It is likely that many Casio G-Shock watch aficionados have heard of Kikuo Ibe, the watch creator.
But another person instrumental in the development of this iconic watch line - Yuichi Masuda - has remained relatively unknown.
Yet, it was Mr Masuda who helped propel G-Shock to its position as one of the most recognisable of fashion watches in the world.
The 61-year-old senior general manager of Casio's timepiece division spoke to The Straits Times during a Casio media event in Tokyo last month.
Speaking through an interpreter, Mr Masuda revealed that he did not have an interest in watches in his younger days. But he was inspired by Japanese firm Toyo Rayon, an influential women's fashion firm in the 1960s that has been credited with bringing about a huge change in Japanese society then.
"I wanted to do something with consumer products that can bring about changes in society too," Mr Masuda recounted.
After he graduated from Keio University with an engineering degree, he went on to apply for jobs in several companies. "Casio was the only company that wanted me," he said.
He joined Casio in 1978, starting in the company's timepiece division. His first role was to schedule new product launches.
"That was when I started to develop my interest in watches."
Then came his big break. In 1981, he joined Casio's "Project Team Tough", which was developing an unbreakable watch that would come to be known as the G-Shock when it was launched in 1983.
"The G-Shock developers were very focused on creating a sturdy watch, but they had absolutely no idea how the product should be packaged," said Mr Masuda.
That was when he became involved; he helped the G-Shock team combine the watch's tough features with looks that consumers would find irresistible.
"I was sort of a co-ordinator that brought ideas together to make sure that the G-Shock is what it is today," he said.
The G-Shock project opened up more opportunities for Mr Masuda to work in the other parts of Casio's timepiece's division. He was soon involved in the development of multi-function timepieces for Casio's Protrek and Databank lines, as well as the G-Shock.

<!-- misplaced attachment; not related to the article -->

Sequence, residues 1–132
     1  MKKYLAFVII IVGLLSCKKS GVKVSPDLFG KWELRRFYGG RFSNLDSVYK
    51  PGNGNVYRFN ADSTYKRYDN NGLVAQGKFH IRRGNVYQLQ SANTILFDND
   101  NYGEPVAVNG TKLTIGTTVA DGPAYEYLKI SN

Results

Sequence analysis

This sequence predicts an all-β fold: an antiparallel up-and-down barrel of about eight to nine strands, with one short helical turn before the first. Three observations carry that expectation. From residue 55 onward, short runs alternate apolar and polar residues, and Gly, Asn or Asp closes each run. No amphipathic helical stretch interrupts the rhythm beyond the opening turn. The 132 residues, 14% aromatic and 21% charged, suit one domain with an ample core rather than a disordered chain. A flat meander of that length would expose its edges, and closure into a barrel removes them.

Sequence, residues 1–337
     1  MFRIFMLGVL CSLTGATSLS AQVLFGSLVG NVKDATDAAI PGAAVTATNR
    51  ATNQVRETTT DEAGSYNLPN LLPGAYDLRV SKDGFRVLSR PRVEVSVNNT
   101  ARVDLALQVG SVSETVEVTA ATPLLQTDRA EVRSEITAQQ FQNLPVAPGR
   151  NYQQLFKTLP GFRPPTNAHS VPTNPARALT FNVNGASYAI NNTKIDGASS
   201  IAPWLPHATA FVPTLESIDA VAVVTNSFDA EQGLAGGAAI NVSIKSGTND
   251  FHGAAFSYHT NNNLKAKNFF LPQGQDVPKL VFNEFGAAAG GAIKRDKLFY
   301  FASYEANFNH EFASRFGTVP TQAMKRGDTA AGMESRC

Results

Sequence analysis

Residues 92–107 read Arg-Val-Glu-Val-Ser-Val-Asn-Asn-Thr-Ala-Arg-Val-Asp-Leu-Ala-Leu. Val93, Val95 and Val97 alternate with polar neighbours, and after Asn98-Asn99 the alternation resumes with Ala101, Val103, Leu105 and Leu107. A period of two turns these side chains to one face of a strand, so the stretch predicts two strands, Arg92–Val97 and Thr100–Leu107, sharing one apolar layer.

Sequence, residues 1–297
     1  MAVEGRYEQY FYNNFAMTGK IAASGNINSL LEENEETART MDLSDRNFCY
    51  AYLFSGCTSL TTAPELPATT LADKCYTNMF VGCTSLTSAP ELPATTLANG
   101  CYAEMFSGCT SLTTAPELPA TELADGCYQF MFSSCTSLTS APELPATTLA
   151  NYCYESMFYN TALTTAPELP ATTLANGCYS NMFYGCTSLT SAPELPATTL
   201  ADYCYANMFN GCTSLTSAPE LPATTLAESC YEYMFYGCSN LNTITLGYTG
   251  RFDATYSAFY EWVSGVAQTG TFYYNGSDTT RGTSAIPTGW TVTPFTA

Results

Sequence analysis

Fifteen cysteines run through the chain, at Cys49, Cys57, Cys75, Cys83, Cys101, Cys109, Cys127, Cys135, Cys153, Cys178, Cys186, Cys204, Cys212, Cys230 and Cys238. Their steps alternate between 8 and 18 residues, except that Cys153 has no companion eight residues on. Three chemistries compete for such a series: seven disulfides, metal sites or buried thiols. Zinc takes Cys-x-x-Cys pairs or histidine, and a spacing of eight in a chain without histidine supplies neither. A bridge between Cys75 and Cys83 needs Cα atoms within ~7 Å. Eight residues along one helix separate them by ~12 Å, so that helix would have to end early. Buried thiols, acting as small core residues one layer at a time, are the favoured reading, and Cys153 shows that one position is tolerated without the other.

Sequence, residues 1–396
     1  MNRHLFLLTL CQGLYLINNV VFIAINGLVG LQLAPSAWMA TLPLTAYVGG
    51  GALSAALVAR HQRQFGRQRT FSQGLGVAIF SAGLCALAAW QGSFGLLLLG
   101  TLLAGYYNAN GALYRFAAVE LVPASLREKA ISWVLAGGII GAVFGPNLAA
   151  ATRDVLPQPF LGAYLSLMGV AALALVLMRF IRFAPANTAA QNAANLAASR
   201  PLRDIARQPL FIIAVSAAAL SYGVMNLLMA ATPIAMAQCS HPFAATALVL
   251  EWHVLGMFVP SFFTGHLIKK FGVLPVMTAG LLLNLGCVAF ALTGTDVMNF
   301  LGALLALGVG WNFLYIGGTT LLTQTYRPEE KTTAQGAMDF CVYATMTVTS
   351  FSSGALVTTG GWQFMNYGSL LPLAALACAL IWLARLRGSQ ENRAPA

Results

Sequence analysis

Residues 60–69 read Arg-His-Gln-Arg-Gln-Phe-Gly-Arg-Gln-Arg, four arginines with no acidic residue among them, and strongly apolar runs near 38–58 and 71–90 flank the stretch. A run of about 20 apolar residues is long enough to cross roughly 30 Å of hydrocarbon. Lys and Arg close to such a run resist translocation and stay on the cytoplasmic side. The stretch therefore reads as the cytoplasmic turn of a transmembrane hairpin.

He said his constant worry has always been whether the great technology that Casio develops is really what consumers want.
"I want to make sure the incredible technology Casio has can be packaged in a unique way to cater to what consumers want," he said.
In 2003, Mr Masuda became head of Casio's timepiece division, taking over at a time when sales of its digital watches were on a decline after having peaked in 1997.
He knew there was a need to change the company's strategy. So he decided to push for the company to focus on incorporating analogue systems - in the form of physical dials and hands - with the digital innards of Casio's watches.
"It was a drastic measure because Casio has always been about digital and the board members were resistant to the idea. But I had to make the decision," he said.
He harnessed Casio's other digital expertise, such as solar power and radio-controlled timekeeping, to integrate with this new "digital- analogue" direction.
The new direction started in 2004 and steadily propelled Casio's watch sales. For the financial year ended this March, Casio's timepiece division posted record sales of 153 billion yen (S$1.7 billion).
"If I had failed in the analogue strategy, I would have had to leave Casio," he said with a laugh.
Looking back, he feels he has fulfilled his dream of bringing change to society with the G-Shock. This is due to G-Shock creating a new category and changing the way people look at watches.
"In the past, people viewed watches as merely a tool. But thanks to G-Shock, it spearheaded the concept of fashion in watches," he said.
His only regret? That he had not made the Casio's strategic change to digital-analogue earlier.